As a former age group world record holder himself, Mike took a particular interest in collecting and publishing valuable data on this otherwise neglected area of sport, as well as on the physiology of sports champions. Many was the Friday evening in the early 1970s when Mike and I would be the only journalists at poolside when Shane Gould set world swimming records at North Sydney. I was there to get quotes, Mike to measure her incredibly low heart beat.
I was much less impressed by Mike at our first meeting. As an experienced track writer, I was asked to “treat” Mike’s copy, submitted as a column to the national daily, The Australian in Sydney. Appreciating that this guy was himself an Olympic sprinter, I looked forward to reading his appraisal of Jim Hines. My suspicions were perhaps first aroused by the neatness of his typing – a lovely, crisp Courier font, obviously from an IMB or a Corona electric. Journalists rarely presented such tidy, error-free stories. And I very quickly realised the entire article had been plagiarised from Sports Illustrated, to which I was  a subscriber. It became clear to me then that Mike was not all he seemed to be, or made out he was. That became much more apparent to many others in mid-1989, when his massive financial problems came to a head. None of this, of course, was mentioned in his obituaries.
For all that, I  remember Mike, as so many others do, as a charming, helpful man. Indeed, in late 1972, when I was headed to Port-of-Spain, he offered to advise and aid me along the way. Happily, however, I never again trusted his copy as being original, and I never had any monetary dealings with him. The Jim Hines piece, by the way, was canned (as was Farquharson’s self-obituary last month), but I doubt that ever discouraged Mike. Not that I can now imagine asking him, in the afterlife or otherwise.
Alexander Lawrence Ballantyne was a great newspaper character and a man of a much different hue. As honest as the day is long, he was an expert and hugely experienced sub-editor with whom I worked in Western Australia for a decade from 1979. I often thought of Lex when I sympathised with Canberra Typospherian Jasper Lindell, a young man destined to be a fine journalist but one who sometimes feels he was born half a century too late. Lex epitomised the lure that had once drawn me into journalism – that a good grounding in the profession was a passport to any country in the world where there was an English-language newspaper. So travelled, so worldly, and yet so very different from Mike Agostini: there wasn’t an iota of bullshit about Lex Ballantyne.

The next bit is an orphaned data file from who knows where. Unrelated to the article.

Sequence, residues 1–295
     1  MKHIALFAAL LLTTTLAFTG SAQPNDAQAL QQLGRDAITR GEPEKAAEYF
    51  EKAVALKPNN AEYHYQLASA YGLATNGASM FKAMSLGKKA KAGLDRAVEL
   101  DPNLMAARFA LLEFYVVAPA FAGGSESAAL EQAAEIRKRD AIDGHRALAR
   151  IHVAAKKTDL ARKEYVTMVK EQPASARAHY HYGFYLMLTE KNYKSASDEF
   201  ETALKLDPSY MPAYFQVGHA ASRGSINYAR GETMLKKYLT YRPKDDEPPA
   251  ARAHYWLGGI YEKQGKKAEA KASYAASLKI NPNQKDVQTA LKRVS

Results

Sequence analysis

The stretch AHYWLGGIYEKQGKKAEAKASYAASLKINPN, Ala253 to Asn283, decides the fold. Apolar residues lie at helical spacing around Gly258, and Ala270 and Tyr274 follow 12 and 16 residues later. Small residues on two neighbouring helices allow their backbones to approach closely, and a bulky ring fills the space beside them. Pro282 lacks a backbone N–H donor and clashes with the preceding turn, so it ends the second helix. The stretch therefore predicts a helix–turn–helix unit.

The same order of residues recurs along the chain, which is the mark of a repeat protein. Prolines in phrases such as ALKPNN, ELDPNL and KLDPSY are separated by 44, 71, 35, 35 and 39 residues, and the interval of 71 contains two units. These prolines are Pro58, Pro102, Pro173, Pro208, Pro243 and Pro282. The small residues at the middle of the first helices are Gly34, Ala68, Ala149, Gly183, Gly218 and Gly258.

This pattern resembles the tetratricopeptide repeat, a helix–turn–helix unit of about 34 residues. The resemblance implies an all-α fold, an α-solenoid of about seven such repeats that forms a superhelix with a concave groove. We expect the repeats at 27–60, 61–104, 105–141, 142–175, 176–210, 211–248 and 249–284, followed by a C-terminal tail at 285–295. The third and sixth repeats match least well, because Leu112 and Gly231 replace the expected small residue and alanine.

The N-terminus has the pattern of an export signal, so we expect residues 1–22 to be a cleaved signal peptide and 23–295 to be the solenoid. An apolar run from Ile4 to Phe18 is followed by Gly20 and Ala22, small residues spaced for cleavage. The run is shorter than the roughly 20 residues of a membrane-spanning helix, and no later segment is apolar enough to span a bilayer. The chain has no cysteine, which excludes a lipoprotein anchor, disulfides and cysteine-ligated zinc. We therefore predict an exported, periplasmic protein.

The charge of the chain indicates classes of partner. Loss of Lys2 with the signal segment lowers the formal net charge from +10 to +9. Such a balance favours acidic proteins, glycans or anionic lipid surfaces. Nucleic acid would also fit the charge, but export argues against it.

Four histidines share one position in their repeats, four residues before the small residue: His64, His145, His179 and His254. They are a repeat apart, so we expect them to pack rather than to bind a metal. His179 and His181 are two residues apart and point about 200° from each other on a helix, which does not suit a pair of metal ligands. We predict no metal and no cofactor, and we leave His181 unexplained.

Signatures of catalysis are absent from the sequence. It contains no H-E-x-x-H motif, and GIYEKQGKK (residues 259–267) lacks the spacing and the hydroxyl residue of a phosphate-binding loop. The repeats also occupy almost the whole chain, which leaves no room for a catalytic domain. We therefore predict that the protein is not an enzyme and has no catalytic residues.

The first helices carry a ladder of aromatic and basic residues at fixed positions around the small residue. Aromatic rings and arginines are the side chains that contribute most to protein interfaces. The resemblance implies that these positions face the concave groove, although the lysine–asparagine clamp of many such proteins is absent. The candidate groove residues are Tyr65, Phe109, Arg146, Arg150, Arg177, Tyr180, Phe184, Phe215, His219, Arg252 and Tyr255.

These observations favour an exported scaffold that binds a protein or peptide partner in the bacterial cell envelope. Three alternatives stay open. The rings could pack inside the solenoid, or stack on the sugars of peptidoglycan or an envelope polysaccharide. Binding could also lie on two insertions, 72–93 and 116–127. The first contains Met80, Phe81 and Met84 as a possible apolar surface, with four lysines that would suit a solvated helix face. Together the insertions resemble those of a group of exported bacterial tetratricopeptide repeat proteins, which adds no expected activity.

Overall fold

Lex spent the last 19 years of his long working life as the chief sub-editor at the Centralian Advocate, from 1993 to 2012. Born in the Gorbals, the tough working-class area of Glasgow, two days before the end of 1939, Lex also had some sporting talent – as a young man he was scouted by Queens’ Park soccer club. While still at school he reported on matches for The Scotsman, where an uncle was the editor. Lex started his working life as a copy boy at the Daily Express in Glasgow, and his clean caption writing earned him a trial as a sub-editor. He moved to Manchester to work for The Sun and finished up on Fleet Street working for the Daily Mail. A yearning for travel took him to Kenya, where he worked for the Daily Nation in Nairobi, and to Argentina, where he worked for the Buenos Aires Herald. Finally Lex joined the Daily News in Perth, Australia.
Lex’s last wish was not to be buried, but to be thrown out on the rubbish tip. An obituary on Crikey said he was “One of the world’s last true newspapermen … a legendary figure in the newsroom". Alice Springs colleague Glenn Morrison wrote that “Lex didn’t suffer fools well and took no prisoners in an argument. He had an extraordinary general knowledge and a wicked sense of humour. I’m tempted to say God bless you mate, but I know that would quickly segue to an argument over the unlikely existence of such a deity … so I’ll just say cheers.”
Neither Mike nor Lex, I feel, would have experienced an ultimate orgasm in death. Both, it turns out, suffered long and painfully, and while the end would have been some sort of release, it would not have been a pleasant one. And perhaps it would be just as well if there isn’t a bar upstairs, a drinking hole for them to meet and chat. I doubt if they’d find much to agree about.